2. Retail inflation is based on the Consumer Price Index (CPI).CPI measures changes in the price level of a market basket of consumer goods and services purchased by households. The CPI is a statistical estimate constructed using the prices of a sample of representative items whose prices are collected periodically.
  3. The annual percentage change in a CPI is used as a measure of inflation. Recently, base year of the Consumer Price Index (CPI) has been revised from 2010 to 2012.
  4. RBI has adopted CPI as the key measure for determining inflation situation of Indian economy on the recommendation of Urjit Patel Committee.
  5. However, Core Inflation has seen a downward trend. Core inflation demonstrates inflation apart from temporary shocks and volatility. It is measured using the CPI by excluding food and fuel components as their prices are highly volatile.

China hits back, imposes tariff hike on U.S. goods worth $60 bn

  1. China has decided to impose tariffs on $60bn of US goods extending a bilateral trade war. This move comes after the US had more than doubled the tariffs on $200bn of Chinese imports.
  2. The United States and China were discussing a trade deal to end the trade war. However, the latest round of US-Chinese trade negotiations has ended without a deal.
  3. Trade war is a situation where countries restrict each other’s trade by imposing tariffs or quota on imports. Tariffs are a tax on imports. They are typically charged as a percentage of the transaction price that a buyer pays a foreign seller.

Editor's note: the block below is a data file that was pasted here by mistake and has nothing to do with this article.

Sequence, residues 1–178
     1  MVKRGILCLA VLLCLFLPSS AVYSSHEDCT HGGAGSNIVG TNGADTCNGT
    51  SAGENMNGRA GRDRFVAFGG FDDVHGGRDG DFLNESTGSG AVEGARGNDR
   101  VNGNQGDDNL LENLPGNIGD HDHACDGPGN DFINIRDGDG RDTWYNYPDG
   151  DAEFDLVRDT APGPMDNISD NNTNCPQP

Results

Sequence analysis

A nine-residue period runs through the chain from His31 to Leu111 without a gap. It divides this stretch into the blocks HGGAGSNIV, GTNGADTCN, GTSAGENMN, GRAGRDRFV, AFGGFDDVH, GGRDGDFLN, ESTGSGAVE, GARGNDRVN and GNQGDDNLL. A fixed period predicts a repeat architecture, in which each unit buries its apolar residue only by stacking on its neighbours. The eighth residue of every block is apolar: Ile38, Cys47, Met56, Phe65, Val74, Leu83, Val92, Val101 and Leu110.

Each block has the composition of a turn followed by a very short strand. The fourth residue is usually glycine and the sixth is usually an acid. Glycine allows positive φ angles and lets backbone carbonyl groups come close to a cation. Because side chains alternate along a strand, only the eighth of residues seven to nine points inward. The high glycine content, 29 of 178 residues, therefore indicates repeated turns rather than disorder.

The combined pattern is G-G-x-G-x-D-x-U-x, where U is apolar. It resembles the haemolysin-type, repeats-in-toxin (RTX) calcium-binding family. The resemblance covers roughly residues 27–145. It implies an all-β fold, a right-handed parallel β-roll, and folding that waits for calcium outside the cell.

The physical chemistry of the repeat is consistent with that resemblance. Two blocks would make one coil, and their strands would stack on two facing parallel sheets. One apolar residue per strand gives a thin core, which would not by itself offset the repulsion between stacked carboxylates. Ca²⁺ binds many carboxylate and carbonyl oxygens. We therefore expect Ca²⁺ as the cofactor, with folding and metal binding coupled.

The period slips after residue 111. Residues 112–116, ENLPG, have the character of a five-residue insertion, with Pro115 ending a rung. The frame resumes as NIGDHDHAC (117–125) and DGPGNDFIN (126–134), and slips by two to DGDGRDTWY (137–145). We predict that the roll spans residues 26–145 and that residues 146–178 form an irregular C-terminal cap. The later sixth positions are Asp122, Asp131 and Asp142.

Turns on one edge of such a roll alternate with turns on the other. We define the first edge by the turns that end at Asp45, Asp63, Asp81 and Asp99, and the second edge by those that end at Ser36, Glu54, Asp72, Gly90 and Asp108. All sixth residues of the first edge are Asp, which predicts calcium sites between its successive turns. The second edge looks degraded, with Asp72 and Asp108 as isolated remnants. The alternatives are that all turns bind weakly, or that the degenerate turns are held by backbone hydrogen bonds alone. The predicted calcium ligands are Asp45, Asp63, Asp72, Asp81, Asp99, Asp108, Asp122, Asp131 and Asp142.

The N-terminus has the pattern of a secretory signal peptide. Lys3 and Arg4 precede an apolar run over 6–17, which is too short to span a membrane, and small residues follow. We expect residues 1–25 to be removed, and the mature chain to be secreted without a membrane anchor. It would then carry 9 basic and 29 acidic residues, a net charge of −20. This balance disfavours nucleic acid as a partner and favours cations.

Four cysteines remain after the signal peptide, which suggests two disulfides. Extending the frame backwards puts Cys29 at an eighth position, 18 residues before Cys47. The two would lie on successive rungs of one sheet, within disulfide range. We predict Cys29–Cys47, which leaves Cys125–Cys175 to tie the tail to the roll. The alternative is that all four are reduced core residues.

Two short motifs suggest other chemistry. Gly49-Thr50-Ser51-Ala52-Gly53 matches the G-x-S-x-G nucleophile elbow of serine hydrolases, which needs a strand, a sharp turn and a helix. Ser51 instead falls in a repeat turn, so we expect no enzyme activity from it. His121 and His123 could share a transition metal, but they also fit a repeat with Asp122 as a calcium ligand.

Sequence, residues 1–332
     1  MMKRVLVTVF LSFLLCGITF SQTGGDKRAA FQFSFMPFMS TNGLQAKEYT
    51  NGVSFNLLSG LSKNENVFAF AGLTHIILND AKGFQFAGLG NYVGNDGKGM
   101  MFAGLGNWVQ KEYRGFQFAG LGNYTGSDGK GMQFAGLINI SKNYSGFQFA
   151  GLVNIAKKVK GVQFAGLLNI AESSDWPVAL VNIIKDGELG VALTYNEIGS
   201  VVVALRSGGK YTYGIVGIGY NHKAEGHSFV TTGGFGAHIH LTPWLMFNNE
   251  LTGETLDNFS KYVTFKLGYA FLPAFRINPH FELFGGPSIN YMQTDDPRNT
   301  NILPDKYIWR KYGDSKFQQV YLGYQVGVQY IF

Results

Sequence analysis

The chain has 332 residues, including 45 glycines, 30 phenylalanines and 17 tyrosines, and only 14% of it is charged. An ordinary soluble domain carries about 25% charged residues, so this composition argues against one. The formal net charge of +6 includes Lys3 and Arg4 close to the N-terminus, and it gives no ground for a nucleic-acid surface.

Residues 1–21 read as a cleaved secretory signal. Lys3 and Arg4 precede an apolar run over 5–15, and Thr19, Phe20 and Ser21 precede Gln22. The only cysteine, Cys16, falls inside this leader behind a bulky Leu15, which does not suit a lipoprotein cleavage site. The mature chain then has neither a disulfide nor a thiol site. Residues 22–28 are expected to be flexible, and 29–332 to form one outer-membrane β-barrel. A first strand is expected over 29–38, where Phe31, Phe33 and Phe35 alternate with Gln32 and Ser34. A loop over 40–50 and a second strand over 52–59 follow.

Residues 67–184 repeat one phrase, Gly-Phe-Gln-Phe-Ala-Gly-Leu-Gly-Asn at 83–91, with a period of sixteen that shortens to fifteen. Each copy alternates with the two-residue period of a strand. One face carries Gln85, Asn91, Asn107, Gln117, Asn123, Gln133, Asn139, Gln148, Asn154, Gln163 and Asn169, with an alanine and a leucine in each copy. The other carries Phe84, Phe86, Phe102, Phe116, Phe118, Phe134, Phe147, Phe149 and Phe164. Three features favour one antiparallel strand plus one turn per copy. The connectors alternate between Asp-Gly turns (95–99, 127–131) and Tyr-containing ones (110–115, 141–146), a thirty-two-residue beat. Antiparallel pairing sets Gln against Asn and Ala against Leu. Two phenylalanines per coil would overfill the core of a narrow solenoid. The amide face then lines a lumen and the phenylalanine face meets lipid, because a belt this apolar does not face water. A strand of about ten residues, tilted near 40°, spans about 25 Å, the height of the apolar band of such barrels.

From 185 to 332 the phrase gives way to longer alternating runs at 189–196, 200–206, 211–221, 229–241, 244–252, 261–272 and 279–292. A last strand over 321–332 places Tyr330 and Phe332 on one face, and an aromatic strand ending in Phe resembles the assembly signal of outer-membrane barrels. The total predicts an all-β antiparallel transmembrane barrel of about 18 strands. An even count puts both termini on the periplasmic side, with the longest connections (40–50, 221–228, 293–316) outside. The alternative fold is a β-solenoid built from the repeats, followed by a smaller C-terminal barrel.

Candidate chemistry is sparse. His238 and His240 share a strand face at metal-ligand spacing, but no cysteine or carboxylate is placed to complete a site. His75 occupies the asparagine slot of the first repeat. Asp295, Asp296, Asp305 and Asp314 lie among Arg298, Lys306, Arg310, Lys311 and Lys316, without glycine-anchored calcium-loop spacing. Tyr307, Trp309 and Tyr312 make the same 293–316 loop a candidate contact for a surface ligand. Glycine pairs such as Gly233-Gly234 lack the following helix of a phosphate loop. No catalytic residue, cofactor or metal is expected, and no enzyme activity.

4. China has pointed out three major areas of disagreement between the two countries which are (a) whether to cancel all trade war tariffs when an agreement is reached (b)the exact size of Chinese purchases of U.S. goods and (c)balanced agreement text.
  5. The US has argued that China’s trade surplus with the US is the result of unfair practices including state support for domestic companies. It also accuses China of stealing intellectual property from US firms.

Discourse on WTO reform lacks balance

  1. The second informal meeting of trade ministers from about 20 member nations of the World Trade Organization (WTO) has started in India.
  2. During the meeting, India has raised the issue of deadlock in WTO’s dispute settlement body and attempts by developed nations to deny developing countries access to certain trade benefits.